Protection benefits
The rules applying to personal pensions or retirement annuity policies allow pension linked term assurance to be incorporated within the premiums paid into these schemes. There is a limit to the proportion allocated to purchasing term assurance, however members can claim tax relief at their highest rate on the premiums paid.

In the event of a critical illness or accident of a personal pension scheme member, waiver of premium benefit will allow a regular contribution by the member or employer to continue to retirement age. Payments from an income protection contact will not qualify as taxable earnings so it would not be possible to continue paying into a personal pension right through to retirement age. Waiver of premium means the provider waives the regular contributions, usually after a deferred period. Waiver of premium benefit will not be available for policies started from 6 April 2001 with the introduction of stakeholder pensions.


Investing contributions
A pension fund represents a members pension rights accrued within a money purchase scheme. This could be a personal pension or an occupational money purchase scheme. The pension fund value will depend on the contributions made and investment return in contrast to an employers occupational final salary pension does not have an actual fund value as a members retirement benefits are based on the years of service and accrual rate of the scheme.

The rate of growth in the pension fund value will be influenced by the charges levied by the provider that includes both an administration and a fund management charge. The charge is expressed as an annual percentage, usually between 0.4% for large investments in low risk funds to 1.0% for stakeholder pensions and up to 1.75% for a portfolio of higher risk specialist funds. These charges reduce the investment return as a reduction in yield (RIY). In return for higher fund management charges the investor is expecting extra growth in the fund that will be greater than the extra charges levied thereby creating a higher investment return net of charges in the long term.

An individual can invest via a SIPPs, this being provided as an insured personal pension or PMFs, the latter being midway between the other two extremes. PMFs have similar investment restrictions and advantages as SIPPs but operate as a normal insured personal pension, having a fund link that is unique to the individual or partners in a partnership. The life assurance company will own the assets of the PMFs so these funds must satisfy various regulations. This includes the private managed fund managers being authorised by the FSA so technically the individual or partners cannot personally manage the pension fund, as is possible with a self invested personal pension scheme.

For a private pension scheme such as a personal pension or if prior to 1 July 1988, retirement annuity policies it is usually the practice to issue up to 1,000 separate but identical pension arrangements within the same policy and this is called segmentation. This segmentation is used in phased retirement and the advantages of this is that it; allows the individual to retire gradually as relevant earnings from their work reduce; will allow the fund to continue to grow in a tax free regime; allows the annuity rate to improve as the member becomes older; and allows the individual to retain any lump sun death benefit that would be paid free of income tax and inheritance tax (IHT).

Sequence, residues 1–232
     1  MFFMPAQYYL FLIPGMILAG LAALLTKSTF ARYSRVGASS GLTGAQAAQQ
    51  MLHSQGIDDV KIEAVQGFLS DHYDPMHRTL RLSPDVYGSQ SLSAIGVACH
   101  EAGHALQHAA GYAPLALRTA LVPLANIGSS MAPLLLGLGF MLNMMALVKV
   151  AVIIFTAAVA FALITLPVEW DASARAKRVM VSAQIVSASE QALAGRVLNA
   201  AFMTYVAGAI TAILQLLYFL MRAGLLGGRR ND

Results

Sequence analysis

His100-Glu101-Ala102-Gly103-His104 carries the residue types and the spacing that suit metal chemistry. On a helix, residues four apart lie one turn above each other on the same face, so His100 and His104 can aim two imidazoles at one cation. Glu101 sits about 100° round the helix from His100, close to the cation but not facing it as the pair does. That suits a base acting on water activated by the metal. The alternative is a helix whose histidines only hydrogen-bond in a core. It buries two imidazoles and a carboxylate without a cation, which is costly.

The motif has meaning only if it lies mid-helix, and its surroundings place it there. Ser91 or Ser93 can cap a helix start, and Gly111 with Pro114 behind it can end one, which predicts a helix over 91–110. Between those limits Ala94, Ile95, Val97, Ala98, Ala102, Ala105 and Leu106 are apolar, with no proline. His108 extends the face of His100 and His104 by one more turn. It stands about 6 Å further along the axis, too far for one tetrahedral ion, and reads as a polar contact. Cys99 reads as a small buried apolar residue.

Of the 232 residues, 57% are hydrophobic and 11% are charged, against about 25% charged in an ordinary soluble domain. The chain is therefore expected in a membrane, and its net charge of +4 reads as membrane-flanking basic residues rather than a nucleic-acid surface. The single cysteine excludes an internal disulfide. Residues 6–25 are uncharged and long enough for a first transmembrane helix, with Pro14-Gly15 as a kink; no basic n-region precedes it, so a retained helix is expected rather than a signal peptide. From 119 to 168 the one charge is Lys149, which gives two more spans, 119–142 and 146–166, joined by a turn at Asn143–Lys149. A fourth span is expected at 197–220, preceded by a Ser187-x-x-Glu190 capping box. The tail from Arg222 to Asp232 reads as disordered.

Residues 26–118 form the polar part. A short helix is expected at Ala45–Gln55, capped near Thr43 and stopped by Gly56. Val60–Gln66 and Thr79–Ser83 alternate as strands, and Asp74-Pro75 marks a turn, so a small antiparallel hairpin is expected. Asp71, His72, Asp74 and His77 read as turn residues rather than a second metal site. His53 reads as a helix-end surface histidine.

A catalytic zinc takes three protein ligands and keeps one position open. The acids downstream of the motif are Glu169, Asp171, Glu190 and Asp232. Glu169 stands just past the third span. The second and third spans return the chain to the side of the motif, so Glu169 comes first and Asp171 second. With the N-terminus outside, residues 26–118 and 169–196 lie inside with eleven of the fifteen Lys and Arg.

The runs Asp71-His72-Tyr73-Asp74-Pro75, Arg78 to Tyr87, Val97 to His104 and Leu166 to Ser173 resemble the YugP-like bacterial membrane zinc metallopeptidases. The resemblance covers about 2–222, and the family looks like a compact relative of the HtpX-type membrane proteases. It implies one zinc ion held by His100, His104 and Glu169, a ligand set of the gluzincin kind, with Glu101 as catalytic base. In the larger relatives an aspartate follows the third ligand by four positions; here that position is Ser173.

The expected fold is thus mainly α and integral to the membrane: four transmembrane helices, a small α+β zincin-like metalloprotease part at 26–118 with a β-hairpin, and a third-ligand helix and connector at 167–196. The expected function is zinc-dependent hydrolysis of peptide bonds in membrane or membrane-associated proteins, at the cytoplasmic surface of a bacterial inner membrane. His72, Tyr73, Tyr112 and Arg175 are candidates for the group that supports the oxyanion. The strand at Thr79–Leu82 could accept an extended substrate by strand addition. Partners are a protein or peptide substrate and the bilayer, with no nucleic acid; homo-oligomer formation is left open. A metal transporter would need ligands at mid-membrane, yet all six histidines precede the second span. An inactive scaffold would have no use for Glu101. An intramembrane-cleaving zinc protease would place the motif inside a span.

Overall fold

Delaying final retirement
A private pension will allow the scheme member to delay taking a pension income in the form of annuities, but allows part of the pension fund to be taken as pension withdrawals. Provisions introduced in the Finance Act 1995 allowed members of personal pensions to opt for withdrawals, known as income drawdown rather than acquiring a compulsory purchase annuity, with the pension remaining invested with an insurance company fund.

This allows the member to have more control over their pension, but must still purchase a pension annuity at the age of 75 or switch to an Alternatively Secured Pension (ASP) and draw an income. When the scheme member takes drawdown, commutation to a tax free lump sum of 25.0% is possible and the balance of the fund can be used for drawdown. Pension simplification from 6 April 2006 replaces the Government Actuary's Department (GAD) income tables allowing a minimum income withdrawal of £0 and a maximum of 120% of a single life annuity and this income amount is to be reviewed every 5 years. Previous to A-Day the withdrawal levels were subject to minima (being 35.0% of the maxima) and maxima based on the GAD income tables on long-dated gilt yields that were reviewed every three years.

The tax free lump sum could also be used to buy a purchase life annuity. There are annuity taxation advantages for doing this which means that about 2/3rds of the income is a return of capital and free of tax and 1/3rd is interest and taxed at saving rate of 20%. Staggered vesting, also known as phased retirement, allows the member to defer drawing all of their pension benefits and spreading them over time, up to the age of 75 at which time the balance of the fund must be taken as a compulsory purchase annuity. However, the individual can exercise their right to an open market option where they can select the highest pension income from the market.

Designed to give the member more control over income at retirement age, phased retirement allows segments of the pension fund to be drawn when required. A personal pension plan will consist of up to 1,000 identical but separate segments. Each time the member draws on a segment, a tax free lump sum of 25.0% can be taken and the balance used to buy pension annuities. The remaining the fund value will remain invested with the provider.

When making an annuity purchase the individual has the option to search for the highest annuity rates using an open market option, however, learn more about annuities, compare annuity rates and before making a decision at retirement, secure a personalised annuity quote offering guaranteed rates.

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Annuity Rates
Single
  55 £4,217  
  60 £4,691  
  65 £5,394  
  70 £6,194  
Joint
  55 £4,299  
  60 £4,745  
  65 £5,258  
  70 £5,973